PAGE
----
## Get data

1. Create a new history for this tutorial and give it a meaningful name

### Tip: Creating a new history

Click the new-history icon at the top of the history panel.

If the new-history is missing:

1. Click on the galaxy-gear icon (History options) on the top of the history panel
2. Select the option Create New from the menu
2. Import the fasta and raw files as well as the experimental annotation and the iRTassays file from Zenodo
https://zenodo.org/record/4293493/files/Human_database_plus_iRT.fasta
https://zenodo.org/record/4293493/files/Ecoli_database.fasta
https://zenodo.org/record/4293493/files/iRTassays.tsv
https://zenodo.org/record/4293493/files/HEK_Ecoli_exp_design.txt
https://zenodo.org/record/4293493/files/Sample1.raw
https://zenodo.org/record/4293493/files/Sample2.raw
https://zenodo.org/record/4293493/files/Sample3.raw
https://zenodo.org/record/4293493/files/Sample4.raw
https://zenodo.org/record/4293493/files/Sample5.raw

• Open the Galaxy Upload Manager (galaxy-upload on the top-right of the tool panel)

• Select Paste/Fetch Data
• Paste the link into the text field

• Press Start

• Close the window
3. Once the files are green, rename the experimental design file in ‘HEK_Ecoli_exp_design’, the iRT transition file in ‘iRTassays’ and all of the the raw files in ‘Sample1.raw’, ‘Sample2.raw’, ‘Sample3.raw’, ‘Sample4.raw’ and ‘Sample5.raw’

### Tip: Renaming a dataset

• Click on the galaxy-pencil pencil icon for the dataset to edit its attributes
• In the central panel, change the Name field
• Click the Save button
4. Once the files are green, generate a collection for all .raw files (and name it DDA_data) as well as for both .fasta files (and name it FASTA)

### Tip: Creating a dataset collection

• Click on Operations on multiple datasets (check box icon) at the top of the history panel
• Check all the datasets in your history you would like to include
• Click For all selected.. and choose Build dataset list

• Enter a name for your collection
• Click Create List to build your collection
• Click on the checkmark icon at the top of your history again

# MaxQuant Analysis of DDA data

The MaxQuant Galaxy implementation contains the most important MaxQuant parameters. As an alternative, MaxQuant (using mqpar.xml) tool can be used with a preconfigured mqpar.xml file.

### hands_on Hands-on: MaxQuant Analysis

1. MaxQuant Tool: toolshed.g2.bx.psu.edu/repos/galaxyp/maxquant/maxquant/1.6.10.43+galaxy3 with the following parameters:
• In “Input Options”:
• param-collection “FASTA files”: FASTA collection
• “identifier parse rule”: >([^ ]*)
• “description parse rule”: ^>.*\|.*\|[^ ]+ (.*) OS.*\$
• In “Search Options”:
• param-file “Specify an experimental design template”: HEK_Ecoli_exp_design.txt
• “minimum unique peptides”: 1
• “Match between runs”: Yes
• In “Protein quantification”:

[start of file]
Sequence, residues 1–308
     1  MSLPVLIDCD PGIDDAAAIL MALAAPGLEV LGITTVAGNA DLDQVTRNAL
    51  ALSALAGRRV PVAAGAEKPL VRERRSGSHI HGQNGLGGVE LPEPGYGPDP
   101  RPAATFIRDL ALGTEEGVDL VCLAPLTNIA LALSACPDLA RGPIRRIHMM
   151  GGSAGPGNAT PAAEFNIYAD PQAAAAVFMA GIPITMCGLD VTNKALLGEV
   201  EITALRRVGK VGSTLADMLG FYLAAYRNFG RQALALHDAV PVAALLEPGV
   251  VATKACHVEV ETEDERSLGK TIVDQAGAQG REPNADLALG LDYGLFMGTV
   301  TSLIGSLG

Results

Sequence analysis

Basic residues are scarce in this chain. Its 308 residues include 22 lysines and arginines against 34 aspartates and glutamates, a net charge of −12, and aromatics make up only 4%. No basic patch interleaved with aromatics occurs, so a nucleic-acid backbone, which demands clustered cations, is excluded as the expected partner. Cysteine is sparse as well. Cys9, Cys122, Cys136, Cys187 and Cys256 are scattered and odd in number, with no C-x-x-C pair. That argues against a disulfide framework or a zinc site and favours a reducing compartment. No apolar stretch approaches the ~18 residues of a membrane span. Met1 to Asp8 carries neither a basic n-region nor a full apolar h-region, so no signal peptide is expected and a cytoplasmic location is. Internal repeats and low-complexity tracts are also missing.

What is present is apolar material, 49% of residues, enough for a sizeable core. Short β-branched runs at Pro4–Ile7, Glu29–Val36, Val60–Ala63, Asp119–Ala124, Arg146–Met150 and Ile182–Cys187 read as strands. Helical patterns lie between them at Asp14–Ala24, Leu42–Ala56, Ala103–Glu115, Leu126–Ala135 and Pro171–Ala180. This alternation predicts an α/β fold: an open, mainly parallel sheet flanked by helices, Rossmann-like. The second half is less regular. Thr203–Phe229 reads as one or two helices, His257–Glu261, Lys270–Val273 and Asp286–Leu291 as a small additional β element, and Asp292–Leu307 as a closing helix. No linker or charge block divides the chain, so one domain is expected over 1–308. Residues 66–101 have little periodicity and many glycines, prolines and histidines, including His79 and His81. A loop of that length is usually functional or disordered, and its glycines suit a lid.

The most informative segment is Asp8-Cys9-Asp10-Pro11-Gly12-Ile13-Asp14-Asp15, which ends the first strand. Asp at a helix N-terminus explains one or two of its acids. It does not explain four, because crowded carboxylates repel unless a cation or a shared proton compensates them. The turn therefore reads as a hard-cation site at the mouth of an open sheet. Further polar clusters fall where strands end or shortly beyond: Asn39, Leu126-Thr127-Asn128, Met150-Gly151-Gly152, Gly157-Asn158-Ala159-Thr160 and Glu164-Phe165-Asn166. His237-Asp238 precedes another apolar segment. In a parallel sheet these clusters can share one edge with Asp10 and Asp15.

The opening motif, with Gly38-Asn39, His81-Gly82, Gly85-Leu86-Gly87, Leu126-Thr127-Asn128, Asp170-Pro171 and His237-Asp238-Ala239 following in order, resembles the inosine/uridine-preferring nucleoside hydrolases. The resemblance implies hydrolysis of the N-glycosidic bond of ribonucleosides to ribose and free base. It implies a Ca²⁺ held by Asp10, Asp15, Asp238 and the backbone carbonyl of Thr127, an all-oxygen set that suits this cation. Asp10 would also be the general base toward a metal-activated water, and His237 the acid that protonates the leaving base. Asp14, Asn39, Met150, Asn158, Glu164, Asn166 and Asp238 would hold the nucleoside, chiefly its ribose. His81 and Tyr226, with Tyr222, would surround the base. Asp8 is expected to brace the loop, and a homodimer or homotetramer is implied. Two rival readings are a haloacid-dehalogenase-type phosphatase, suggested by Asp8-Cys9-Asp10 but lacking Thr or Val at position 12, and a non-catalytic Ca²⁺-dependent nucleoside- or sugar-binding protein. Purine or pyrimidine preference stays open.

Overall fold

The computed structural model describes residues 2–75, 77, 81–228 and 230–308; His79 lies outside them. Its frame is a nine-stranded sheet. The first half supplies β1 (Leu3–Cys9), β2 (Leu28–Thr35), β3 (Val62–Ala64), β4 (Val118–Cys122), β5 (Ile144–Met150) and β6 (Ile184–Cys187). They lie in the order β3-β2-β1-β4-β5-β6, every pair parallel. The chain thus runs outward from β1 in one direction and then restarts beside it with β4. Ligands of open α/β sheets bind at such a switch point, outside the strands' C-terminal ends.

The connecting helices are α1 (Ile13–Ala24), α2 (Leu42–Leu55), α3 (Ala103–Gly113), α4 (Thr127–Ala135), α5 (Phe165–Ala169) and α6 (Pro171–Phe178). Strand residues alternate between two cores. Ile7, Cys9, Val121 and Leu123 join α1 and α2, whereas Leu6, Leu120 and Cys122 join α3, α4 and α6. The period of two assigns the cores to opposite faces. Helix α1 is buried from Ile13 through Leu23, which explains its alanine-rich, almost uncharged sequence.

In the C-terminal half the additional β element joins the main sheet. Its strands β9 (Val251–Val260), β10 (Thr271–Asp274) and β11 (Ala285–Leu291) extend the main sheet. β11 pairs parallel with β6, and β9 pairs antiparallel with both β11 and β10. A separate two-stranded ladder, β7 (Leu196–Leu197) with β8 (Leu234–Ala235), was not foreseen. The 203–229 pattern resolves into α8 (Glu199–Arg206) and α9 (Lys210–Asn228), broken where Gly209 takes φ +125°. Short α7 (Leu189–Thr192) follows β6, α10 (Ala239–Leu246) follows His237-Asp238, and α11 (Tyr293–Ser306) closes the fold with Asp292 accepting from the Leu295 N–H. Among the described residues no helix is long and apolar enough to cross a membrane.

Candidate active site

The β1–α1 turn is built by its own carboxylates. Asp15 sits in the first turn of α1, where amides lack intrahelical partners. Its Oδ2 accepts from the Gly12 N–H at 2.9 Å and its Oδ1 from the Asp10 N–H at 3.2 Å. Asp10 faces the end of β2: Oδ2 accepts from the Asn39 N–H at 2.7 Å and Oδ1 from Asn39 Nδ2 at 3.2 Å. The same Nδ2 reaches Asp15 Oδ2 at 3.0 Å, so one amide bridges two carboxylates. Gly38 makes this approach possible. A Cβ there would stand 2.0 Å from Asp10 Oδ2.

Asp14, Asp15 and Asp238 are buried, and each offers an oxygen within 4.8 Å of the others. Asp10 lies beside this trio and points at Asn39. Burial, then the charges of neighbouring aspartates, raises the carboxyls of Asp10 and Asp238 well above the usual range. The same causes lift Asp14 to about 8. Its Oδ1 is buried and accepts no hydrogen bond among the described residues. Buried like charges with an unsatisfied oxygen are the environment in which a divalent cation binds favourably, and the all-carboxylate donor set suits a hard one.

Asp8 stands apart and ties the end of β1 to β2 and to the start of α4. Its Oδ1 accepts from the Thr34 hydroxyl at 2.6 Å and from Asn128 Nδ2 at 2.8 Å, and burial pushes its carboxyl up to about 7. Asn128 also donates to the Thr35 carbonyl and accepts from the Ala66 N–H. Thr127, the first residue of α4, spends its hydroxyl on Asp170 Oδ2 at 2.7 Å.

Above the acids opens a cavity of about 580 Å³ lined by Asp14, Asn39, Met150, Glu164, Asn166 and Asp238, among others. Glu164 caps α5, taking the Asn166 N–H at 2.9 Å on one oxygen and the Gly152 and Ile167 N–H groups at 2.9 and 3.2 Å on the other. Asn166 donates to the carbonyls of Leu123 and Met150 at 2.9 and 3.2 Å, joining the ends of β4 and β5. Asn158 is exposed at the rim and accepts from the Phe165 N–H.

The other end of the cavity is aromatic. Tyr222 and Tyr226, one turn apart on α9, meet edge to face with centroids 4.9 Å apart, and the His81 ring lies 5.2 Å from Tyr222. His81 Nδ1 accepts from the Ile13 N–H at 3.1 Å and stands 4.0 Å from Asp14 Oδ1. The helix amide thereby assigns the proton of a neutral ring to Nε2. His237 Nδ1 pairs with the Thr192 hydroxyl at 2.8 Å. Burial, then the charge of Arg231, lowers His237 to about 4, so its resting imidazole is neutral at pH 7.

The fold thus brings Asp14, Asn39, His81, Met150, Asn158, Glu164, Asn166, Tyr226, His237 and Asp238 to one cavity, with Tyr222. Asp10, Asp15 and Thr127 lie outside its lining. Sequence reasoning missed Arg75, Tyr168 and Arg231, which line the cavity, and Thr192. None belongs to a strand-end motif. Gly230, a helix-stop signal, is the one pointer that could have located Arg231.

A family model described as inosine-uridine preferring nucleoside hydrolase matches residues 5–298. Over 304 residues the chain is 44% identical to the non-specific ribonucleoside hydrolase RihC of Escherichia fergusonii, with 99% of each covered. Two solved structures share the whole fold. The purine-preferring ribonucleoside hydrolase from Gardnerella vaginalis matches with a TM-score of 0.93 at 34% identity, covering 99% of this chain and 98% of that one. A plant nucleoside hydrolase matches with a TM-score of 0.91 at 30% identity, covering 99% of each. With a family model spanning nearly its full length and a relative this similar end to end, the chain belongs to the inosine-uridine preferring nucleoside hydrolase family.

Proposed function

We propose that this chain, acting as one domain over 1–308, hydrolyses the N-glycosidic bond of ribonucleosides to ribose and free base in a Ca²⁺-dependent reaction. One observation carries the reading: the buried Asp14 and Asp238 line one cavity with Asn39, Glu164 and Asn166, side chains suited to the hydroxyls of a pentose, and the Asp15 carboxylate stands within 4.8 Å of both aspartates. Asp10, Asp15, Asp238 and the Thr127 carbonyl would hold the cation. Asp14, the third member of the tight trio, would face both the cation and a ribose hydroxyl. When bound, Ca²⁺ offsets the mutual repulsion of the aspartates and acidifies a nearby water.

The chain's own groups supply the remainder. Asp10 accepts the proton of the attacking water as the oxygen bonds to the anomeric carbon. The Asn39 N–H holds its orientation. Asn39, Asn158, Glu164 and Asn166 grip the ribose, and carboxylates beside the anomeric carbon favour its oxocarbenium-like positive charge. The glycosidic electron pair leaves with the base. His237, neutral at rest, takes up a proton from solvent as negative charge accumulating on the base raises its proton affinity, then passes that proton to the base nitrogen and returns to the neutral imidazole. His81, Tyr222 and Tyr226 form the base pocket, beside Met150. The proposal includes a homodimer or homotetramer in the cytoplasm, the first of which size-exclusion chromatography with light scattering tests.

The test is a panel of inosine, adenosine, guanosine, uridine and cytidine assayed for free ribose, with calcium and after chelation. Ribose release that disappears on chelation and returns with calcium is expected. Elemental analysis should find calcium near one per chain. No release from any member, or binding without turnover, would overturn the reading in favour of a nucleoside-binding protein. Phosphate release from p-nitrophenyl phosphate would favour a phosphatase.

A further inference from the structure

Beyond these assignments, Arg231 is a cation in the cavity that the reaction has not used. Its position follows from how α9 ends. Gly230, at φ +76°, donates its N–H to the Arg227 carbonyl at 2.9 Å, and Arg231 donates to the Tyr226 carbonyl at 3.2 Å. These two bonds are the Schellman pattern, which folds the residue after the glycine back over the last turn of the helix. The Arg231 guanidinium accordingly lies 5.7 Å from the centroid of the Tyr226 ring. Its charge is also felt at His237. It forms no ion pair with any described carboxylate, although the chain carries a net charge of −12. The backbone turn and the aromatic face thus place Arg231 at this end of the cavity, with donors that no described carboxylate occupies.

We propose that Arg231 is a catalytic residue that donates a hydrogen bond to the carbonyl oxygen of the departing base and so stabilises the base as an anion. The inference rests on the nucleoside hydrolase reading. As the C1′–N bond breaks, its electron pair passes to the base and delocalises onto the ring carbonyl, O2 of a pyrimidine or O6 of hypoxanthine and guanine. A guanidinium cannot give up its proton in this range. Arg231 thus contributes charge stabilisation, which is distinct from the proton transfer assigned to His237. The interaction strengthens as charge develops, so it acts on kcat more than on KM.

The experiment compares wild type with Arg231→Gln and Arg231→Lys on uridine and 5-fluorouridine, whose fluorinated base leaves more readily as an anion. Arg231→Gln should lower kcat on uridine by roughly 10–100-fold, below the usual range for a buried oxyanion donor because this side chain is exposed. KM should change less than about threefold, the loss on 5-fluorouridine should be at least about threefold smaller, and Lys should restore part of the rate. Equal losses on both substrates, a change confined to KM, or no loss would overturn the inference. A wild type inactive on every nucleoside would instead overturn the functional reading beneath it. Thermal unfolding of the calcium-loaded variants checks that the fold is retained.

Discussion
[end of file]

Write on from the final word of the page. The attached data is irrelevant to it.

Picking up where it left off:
• “Use only unmodified peptides”: No
• In “Parameter Group”:
• param-collection “Infiles”: DDA_data collection
• “missed cleavages”: 1
• “variable modifications”: Oxidation (M)
• “Generate PTXQC (proteomics quality control pipeline) report? (experimental setting)”: Yes
• In “Output Options”:
• “Select the desired outputs.”: Protein Groups Peptides mqpar.xml Evidence MSMS

### comment Comment: Protein Groups

Proteins that share all their peptides with other proteins cannot be unambiguously identified. Therefore, MaxQuant groups such proteins into one protein group and only one common quantification will be calculated. The different protein properties are separated by semicolon.

Here we used a variation of the “identifier parse rule” to allow for the organism label to be present in the spectral library. For investigations of single organisms and to keep only the Uniprot identifier one can adjust the “identifier parse rule” accordingly More details on the different MaxQuant parameters can be found in this MaxQuant tutorial.

### tip Tip: Continue with results from Zenodo

In case the MaxQuant run is not yet finished, the results can be downloaded from Zenodo to be able to continue the tutorial

1. Import the files from Zenodo
https://zenodo.org/record/4293493/files/MaxQuant_PTXQC_report.pdf
https://zenodo.org/record/4293493/files/MaxQuant_Protein_Groups.tabular
https://zenodo.org/record/4293493/files/MaxQuant_Peptides.tabular
https://zenodo.org/record/4293493/files/MaxQuant_Evidence.tabular
https://zenodo.org/record/4293493/files/MaxQuant_MSMS.tabular
https://zenodo.org/record/4293493/files/MaxQuant_mqpar.xml


## Quality control results

To get a first overview of the MaxQuant results, the PTXQC report is helpful. Click on the galaxy-eye eye of the PTXQC pdf file to open it in Galaxy. Screening through the different plots might already give you a hint on how many peptides and proteins were identified as well as some of the data quality.

The PTXQC software (Bielow et al. 2015) was built to enable direct proteomcs quality control from MaxQuant result files. This quality control can be directly used in the Galaxy MaxQuant wrapper by setting “Generate PTXQC” to yes. This will generate a pdf file with multiple quality control plots. Be aware that the cutoffs set in PTXQC might not be applicable to your experiment and mass spectrometer type and therefore “under performing” and “fail” do not necessarily mean that the quality is poor.

### question Questions

1. How many proteins were found in total?
2. How many peptides were found in total?